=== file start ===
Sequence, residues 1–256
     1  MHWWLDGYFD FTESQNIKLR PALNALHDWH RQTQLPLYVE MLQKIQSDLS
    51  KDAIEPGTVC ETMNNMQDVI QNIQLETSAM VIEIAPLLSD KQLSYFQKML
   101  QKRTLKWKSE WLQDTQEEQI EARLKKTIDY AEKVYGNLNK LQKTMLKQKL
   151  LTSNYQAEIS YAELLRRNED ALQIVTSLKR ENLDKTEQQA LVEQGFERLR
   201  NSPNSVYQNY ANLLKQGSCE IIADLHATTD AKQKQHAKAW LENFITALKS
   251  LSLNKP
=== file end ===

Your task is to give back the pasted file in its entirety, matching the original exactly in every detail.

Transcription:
Sequence, residues 1–256
     1  MHWWLDGYFD FTESQNIKLR PALNALHDWH RQTQLPLYVE MLQKIQSDLS
    51  KDAIEPGTVC ETMNNMQDVI QNIQLETSAM VIEIAPLLSD KQLSYFQKML
   101  QKRTLKWKSE WLQDTQEEQI EARLKKTIDY AEKVYGNLNK LQKTMLKQKL
   151  LTSNYQAEIS YAELLRRNED ALQIVTSLKR ENLDKTEQQA LVEQGFERLR
   201  NSPNSVYQNY ANLLKQGSCE IIADLHATTD AKQKQHAKAW LENFITALKS
   251  LSLNKP